"It Wasn't Something I Made Happen": KYLE Reflects on Unexpected Success of "iSpy" - DJBooth

"It Wasn't Something I Made Happen": KYLE Reflects on Unexpected Success of "iSpy"

Sometimes the single you don't expect to take off becomes the biggest hit of your career.
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For the past five years, Ventura, California native KYLE—one of the 10 rappers selected by XXL for their 2017 Freshman cover—has released a steady stream of new music.

In addition to unleashing a handful of SoundCloud loosies, the 24-year-old also has two full-length projects (Beautiful Loser and Smyle) under his musical belt, but it wasn't until KYLE released the Lil Yachty-assisted "iSpy" this past December that his career really began to take off.

To date, the now 2x Platinum-certified single has racked up 274 million streams on Spotify, 74 million views on YouTube and peaked at No. 4 on the Billboard Hot 100 (it's currently No. 19 in its 25th week on the chart).

Considering "iSpy" is KYLE's first single release since agreeing to a joint label deal between his existing indie label (Indie-Pop) and a major (Atlantic Records), his sudden and rapid success isn't exactly a surprise. That is, unless you ask KYLE himself.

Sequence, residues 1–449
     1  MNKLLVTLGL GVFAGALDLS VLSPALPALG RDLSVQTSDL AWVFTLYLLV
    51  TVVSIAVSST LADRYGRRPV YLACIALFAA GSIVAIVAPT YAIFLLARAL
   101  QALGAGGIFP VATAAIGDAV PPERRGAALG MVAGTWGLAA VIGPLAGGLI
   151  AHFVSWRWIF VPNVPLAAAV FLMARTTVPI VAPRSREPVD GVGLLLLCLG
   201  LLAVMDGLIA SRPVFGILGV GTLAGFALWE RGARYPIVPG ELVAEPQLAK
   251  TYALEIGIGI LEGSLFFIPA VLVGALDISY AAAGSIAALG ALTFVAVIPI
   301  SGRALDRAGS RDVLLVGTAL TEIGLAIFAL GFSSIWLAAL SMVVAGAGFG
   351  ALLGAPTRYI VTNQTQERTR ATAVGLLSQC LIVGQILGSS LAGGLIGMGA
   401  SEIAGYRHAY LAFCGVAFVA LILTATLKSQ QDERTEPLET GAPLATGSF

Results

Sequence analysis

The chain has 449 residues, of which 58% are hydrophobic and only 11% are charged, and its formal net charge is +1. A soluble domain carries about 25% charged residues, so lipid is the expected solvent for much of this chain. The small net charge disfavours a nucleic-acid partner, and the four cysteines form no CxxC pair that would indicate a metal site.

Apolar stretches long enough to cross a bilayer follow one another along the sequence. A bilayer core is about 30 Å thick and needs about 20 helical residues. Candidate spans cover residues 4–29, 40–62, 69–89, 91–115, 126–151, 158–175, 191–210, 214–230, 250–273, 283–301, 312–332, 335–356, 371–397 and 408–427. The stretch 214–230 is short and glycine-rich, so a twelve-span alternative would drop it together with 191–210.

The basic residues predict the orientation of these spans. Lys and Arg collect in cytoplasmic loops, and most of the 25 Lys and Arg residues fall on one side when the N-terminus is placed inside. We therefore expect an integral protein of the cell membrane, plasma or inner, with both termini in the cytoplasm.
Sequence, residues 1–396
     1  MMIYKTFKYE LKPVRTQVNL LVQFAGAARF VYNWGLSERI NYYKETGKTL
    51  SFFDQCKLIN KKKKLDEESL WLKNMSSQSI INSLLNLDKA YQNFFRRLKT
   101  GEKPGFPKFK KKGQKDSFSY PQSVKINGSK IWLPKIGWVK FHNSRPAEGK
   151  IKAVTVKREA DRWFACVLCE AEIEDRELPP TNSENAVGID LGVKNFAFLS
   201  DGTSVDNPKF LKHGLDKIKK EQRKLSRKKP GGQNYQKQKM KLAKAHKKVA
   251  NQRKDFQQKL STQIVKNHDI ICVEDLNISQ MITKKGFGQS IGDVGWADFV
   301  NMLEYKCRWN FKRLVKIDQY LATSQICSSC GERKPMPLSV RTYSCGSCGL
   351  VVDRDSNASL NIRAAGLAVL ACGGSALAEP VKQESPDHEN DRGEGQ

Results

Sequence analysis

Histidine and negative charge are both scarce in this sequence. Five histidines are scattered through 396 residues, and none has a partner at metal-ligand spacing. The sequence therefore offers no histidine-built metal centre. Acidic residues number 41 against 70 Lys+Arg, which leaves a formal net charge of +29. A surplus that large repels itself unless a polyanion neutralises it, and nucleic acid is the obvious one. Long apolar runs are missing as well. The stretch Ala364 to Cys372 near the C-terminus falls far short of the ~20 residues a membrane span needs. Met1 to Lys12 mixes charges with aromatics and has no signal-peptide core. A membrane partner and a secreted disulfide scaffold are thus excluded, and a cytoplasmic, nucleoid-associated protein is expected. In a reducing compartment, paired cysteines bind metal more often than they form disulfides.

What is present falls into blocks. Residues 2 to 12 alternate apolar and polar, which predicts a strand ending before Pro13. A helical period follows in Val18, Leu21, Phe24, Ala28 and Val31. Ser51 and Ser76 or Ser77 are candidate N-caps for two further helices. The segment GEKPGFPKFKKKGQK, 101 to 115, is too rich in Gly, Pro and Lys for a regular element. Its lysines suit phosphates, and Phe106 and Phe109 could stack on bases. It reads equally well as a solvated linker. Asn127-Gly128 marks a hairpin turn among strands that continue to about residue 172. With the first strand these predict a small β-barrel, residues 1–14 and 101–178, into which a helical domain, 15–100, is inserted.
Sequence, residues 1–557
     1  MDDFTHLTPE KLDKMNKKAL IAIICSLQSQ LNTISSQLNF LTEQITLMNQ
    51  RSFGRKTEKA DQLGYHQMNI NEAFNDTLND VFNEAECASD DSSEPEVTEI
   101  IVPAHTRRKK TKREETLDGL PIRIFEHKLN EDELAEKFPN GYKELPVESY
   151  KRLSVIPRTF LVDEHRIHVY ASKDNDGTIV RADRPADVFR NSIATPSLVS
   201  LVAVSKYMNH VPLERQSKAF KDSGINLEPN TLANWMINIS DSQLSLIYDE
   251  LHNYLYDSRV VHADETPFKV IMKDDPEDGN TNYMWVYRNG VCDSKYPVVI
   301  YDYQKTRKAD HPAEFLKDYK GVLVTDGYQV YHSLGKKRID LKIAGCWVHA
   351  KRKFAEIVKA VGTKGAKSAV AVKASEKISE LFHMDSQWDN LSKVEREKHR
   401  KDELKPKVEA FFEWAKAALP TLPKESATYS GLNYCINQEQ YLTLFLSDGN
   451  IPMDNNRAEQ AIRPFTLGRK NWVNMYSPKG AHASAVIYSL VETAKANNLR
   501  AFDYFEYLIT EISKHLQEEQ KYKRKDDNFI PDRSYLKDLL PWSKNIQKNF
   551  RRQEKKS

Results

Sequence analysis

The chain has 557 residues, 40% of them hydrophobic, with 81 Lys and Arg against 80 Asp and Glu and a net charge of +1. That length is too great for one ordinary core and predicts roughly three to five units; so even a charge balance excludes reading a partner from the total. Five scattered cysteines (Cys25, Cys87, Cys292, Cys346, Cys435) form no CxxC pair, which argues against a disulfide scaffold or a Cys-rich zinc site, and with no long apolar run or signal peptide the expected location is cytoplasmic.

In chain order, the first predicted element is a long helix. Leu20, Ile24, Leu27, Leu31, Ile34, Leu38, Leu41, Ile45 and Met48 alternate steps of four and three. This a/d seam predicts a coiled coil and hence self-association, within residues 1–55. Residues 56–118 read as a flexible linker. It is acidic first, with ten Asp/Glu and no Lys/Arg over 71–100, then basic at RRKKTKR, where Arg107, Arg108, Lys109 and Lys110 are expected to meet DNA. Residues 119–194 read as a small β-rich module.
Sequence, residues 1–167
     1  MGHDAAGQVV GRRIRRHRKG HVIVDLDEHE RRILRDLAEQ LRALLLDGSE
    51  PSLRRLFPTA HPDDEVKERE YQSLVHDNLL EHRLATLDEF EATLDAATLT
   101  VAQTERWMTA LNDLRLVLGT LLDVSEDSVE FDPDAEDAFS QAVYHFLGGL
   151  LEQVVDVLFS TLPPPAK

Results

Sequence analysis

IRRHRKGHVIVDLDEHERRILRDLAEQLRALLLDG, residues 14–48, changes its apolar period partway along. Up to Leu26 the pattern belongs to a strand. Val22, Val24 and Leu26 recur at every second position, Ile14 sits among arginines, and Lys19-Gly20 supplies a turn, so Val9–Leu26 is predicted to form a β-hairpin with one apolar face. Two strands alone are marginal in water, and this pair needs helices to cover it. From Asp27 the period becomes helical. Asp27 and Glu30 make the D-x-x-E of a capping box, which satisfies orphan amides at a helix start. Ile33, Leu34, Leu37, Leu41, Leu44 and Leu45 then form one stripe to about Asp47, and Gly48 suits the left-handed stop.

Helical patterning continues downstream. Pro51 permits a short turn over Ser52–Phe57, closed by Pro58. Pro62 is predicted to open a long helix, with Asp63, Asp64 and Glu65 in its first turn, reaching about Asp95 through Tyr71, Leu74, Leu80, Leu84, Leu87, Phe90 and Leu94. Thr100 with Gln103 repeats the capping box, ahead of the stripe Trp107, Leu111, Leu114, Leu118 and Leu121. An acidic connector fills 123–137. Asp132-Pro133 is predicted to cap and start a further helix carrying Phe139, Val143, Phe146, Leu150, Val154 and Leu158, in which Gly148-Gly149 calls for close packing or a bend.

"'iSpy' has been the most unexpected event in my entire career," he explained to XXL. "I put out 'iSpy' just as something to give to my fans, it wasn't something I made happen myself."

While the song does belong to KYLE, he's right in that its success must be attributed to a variety of factors, including co-producers Ayo, Lege Kale and Superduperbrick, who created an incredibly catchy, "Broccoli"-esque beat that is so cheery it could put a smile on the face of Bill Belichick, and his record labels, whose power (and money) helped the song earn placements on a smattering of popular streaming service playlists.

"iSpy" is far from the first song released simply for the fans that went on to achieve massive, unforeseen success. Travis Scott's "Antidote" was released as a SoundCloud loosie "for the real fans" along with the note that the song wouldn't be included on his then-upcoming Rodeo album, and of course went on to become the biggest single of his career (though the sample cost him 50% of the record thanks to his for-the-fans release strategy). Drake's "Hotline Bling" was originally released as a loose remix of D.R.A.M.'s "Cha Cha" before blowing up as Drake's highest-charting single to date and transitioning to become the lead single from Views.

It took KYLE four years to reach the first unexpected event of his career. Hopefully, the second unexpected event happens much sooner.

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